In local and informal contexts, Panamanians talk about the power of the United States and describe its citizens in multifaceted and complex terms. In this article I examine those views as they are articulated in informal urban settings in Panama City and in conversations with middle-class Panamanians. My respondents evaluate the US-Panama relationship and discuss individual North Americans with realism, reflecting a graceful but critical spirit of forgiveness toward their more powerful ally. A broader awareness of US colonialism in the past is combined with a pragmatic acknowledgement of opportunities in the present and the desire for a more equal relationship in the future. I argue that the opportunity to voice unreserved opinions about powerful Others can potentially empower local actors.
Perspectives on Free Trade Agreements in Guatemala
Social movements and NGOs working against economic liberalism in Guatemala consider specific entities—the World Bank, the International Monetary Fund, the World Trade Organization, and, above all, the United States—as their enemies. However, local perceptions of the US in Guatemala are ambiguous. Many Guatemalans claim that US influence on the country has been disastrous, but the US also received many Guatemalan refugees during the civil war and continues to receive illegal migrants from Central America, while countless families depend on remittances that their relatives send back from the US. This article argues that local actors do not simply reproduce images of the great powers as transmitted by the media and NGOs, but create new combinations and elaborate their own interpretations, which make sense at the local level.
Administrative Lists, European Union Food Aid, and the Local Practices of Distribution in Rural Romania
Ştefan Dorondel and Mihai Popa
In this article we analyze local distribution practices within an EU food aid program in Romania. We show that an understanding of this program's implementation can contribute to our understanding of how the state works in present-day Romania and, more generally, to the anthropology of the state. We examine the ways in which local-level bureaucrats gain discretion and exercise it when implementing the program. By securing greater control over a scarce transnational resource, local officials are able to shape national policy according to local distributive models. The described distribution process is conducive to community building, although in very different ways in the two rural settings being studied. We argue for a relational analysis of the workings of the state that explores the embeddedness of local actors and their participation in historically shaped power relations.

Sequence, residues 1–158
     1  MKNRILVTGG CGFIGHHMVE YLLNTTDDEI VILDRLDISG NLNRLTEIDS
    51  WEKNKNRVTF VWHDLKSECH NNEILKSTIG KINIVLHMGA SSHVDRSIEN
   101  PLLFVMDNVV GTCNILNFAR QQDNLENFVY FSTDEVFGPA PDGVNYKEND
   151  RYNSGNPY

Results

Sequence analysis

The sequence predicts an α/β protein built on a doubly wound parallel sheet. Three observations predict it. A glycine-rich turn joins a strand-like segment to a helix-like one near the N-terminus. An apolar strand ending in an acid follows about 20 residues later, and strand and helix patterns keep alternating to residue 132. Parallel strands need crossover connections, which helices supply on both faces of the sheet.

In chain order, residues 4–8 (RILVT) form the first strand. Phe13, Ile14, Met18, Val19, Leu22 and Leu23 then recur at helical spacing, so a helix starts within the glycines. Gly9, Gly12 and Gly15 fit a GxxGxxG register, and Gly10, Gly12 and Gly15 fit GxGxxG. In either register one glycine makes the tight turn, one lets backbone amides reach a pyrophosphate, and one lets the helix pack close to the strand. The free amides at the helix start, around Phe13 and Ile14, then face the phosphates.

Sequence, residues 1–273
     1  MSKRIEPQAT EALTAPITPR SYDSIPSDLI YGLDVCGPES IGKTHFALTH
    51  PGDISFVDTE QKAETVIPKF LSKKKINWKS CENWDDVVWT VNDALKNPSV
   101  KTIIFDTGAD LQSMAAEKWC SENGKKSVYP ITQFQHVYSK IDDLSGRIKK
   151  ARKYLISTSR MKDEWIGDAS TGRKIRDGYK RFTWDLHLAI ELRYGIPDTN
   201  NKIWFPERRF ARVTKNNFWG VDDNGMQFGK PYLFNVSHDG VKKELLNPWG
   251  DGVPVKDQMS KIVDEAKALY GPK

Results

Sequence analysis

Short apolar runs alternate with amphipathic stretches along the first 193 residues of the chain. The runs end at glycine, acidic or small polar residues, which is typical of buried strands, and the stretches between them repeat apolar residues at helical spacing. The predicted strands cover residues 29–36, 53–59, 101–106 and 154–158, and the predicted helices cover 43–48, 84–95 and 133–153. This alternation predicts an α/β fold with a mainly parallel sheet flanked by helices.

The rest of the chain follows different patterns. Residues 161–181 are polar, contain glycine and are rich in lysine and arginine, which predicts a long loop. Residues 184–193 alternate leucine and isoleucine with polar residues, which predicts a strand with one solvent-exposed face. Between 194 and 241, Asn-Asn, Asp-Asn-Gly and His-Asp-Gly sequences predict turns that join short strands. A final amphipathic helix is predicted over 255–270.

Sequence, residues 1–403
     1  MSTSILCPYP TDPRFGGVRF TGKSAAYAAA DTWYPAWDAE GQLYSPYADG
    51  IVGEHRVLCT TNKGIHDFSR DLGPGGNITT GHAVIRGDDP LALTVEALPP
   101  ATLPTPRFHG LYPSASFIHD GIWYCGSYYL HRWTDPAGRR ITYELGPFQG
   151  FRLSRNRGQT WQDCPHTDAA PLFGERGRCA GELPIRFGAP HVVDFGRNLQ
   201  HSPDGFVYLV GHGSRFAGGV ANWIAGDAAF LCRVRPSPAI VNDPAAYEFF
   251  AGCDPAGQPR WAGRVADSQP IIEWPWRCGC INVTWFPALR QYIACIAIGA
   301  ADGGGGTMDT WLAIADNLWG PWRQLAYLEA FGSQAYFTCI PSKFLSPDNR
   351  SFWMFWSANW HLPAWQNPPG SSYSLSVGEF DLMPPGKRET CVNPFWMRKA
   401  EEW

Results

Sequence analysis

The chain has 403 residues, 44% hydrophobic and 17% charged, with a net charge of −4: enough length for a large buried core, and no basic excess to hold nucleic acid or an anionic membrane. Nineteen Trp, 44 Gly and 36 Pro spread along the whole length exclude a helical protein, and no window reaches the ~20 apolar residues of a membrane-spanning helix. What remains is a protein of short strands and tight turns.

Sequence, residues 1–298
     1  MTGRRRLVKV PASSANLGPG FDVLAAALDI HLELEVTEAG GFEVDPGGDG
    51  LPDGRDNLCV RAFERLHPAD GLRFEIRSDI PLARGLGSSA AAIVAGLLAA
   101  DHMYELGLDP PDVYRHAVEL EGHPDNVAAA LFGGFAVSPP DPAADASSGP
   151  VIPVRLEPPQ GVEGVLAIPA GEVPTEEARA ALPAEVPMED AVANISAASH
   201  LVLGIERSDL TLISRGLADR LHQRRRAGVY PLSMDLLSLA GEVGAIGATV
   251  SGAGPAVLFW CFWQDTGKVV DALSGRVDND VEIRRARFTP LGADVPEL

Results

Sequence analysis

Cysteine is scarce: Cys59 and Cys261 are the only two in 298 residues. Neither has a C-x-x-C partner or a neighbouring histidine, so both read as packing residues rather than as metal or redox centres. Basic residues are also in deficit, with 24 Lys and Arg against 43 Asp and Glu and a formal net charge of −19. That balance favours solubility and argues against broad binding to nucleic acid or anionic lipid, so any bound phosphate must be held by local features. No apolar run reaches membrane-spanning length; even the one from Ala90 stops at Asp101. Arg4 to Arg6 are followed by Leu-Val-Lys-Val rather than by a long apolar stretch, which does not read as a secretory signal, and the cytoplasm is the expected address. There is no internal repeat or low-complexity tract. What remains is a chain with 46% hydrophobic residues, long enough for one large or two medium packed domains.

The Darfur-Chad border
The area around the border of Sudan and Chad, where Darfur lies, has been an unimportant and unknown backwater throughout history. Today, however, Darfur is all over the international press. Everybody knows about the grim war there. There is no oil currently in production in Darfur. However, there is oil in the south of neighboring Chad and in Southern Sudan, and there might be oil in Darfur. This article considers a case of fighting for oil when there is no oil yet. It takes into account the role of local actors doing the fighting, that is, the army, rebels, and militias; national actors such as the Sudanese and Chadian governments; and international actors, such as multinational oil companies, the United States, China, and the United Nations. It explains how oil can have disintegrative consequences even when it is still only a rumor about a future possibility.
Intangible Cultural Heritage and the Role of the Museum
Heritage has a dual character whereby it can, at the same time, be celebrated for its outstanding universal value while having a special meaning and value for local and, in particular, bearer communities. Basing protection on the former notion of heritage as a universal, global value has been the dominant approach in international law-making since the second half of the twentieth century. More recently, the significance of heritage to local actors has become much better understood and recognised. The tensions associated with this duality have in recent times become evident with the adoption by UNESCO in 2003 of the International Convention for the Safeguarding of the Intangible Cultural Heritage. In this treaty, international cultural heritage law-making has shifted from a paradigm that gives value predominantly to the material heritage – monuments, sites, artefacts and other objects – to one that celebrates a living heritage that is primarily located in the skills, knowledge and know-how of contemporary human beings. This article examines the aforementioned shift from an emphasis on global to local heritage and the role museums can play in this with regard to safeguarding intangible aspects of heritage.
A Global Discourse on Lao Stages
Using the Lao PDR as a case study, this paper analyses human trafficking as discourse. Human trafficking is identified as a global discourse that is globalized through a set of powerful relations and actors. Following Appadurai, it is argued that this global discourse is not passively received by local actors such as the Lao state. This demonstrated by unravelling the global–local interactions through which it has entered the Lao social landscape. This is complemented with an analysis of a series of events in which the human trafficking discourse is staged on Lao soil. On this basis, the paper argues that the global human trafficking discourse is actively indigenized through, amongst other things, the social practice of staging. In addition, the paper argues that this indigenized discourse is employed by actors in more localized power struggles; in this case, by the Lao state as a response to boundary crises triggered by the phenomenon of cross-border migration into Thailand as an important manifestation of the overarching process of transition.